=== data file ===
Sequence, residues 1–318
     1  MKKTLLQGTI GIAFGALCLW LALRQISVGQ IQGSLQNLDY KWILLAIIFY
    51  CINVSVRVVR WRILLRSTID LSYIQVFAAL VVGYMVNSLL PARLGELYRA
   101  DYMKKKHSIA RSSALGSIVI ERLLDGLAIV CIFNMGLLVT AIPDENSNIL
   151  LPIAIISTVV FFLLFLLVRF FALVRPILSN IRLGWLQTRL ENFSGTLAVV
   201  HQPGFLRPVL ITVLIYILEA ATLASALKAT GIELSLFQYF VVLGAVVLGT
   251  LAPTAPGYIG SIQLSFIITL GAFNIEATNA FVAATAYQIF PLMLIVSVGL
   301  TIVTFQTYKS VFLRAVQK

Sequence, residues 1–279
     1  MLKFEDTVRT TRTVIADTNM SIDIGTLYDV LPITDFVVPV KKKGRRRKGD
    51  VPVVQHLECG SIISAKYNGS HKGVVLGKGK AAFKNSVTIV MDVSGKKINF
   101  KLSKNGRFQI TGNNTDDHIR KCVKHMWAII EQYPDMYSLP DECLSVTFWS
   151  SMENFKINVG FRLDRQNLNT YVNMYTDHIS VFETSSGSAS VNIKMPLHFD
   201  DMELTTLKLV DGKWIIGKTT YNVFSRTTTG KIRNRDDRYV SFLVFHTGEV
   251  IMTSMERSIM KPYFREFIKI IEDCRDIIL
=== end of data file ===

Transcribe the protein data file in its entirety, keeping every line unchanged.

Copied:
Sequence, residues 1–318
     1  MKKTLLQGTI GIAFGALCLW LALRQISVGQ IQGSLQNLDY KWILLAIIFY
    51  CINVSVRVVR WRILLRSTID LSYIQVFAAL VVGYMVNSLL PARLGELYRA
   101  DYMKKKHSIA RSSALGSIVI ERLLDGLAIV CIFNMGLLVT AIPDENSNIL
   151  LPIAIISTVV FFLLFLLVRF FALVRPILSN IRLGWLQTRL ENFSGTLAVV
   201  HQPGFLRPVL ITVLIYILEA ATLASALKAT GIELSLFQYF VVLGAVVLGT
   251  LAPTAPGYIG SIQLSFIITL GAFNIEATNA FVAATAYQIF PLMLIVSVGL
   301  TIVTFQTYKS VFLRAVQK

Sequence, residues 1–279
     1  MLKFEDTVRT TRTVIADTNM SIDIGTLYDV LPITDFVVPV KKKGRRRKGD
    51  VPVVQHLECG SIISAKYNGS HKGVVLGKGK AAFKNSVTIV MDVSGKKINF
   101  KLSKNGRFQI TGNNTDDHIR KCVKHMWAII EQYPDMYSLP DECLSVTFWS
   151  SMENFKINVG FRLDRQNLNT YVNMYTDHIS VFETSSGSAS VNIKMPLHFD
   201  DMELTTLKLV DGKWIIGKTT YNVFSRTTTG KIRNRDDRYV SFLVFHTGEV
   251  IMTSMERSIM KPYFREFIKI IEDCRDIIL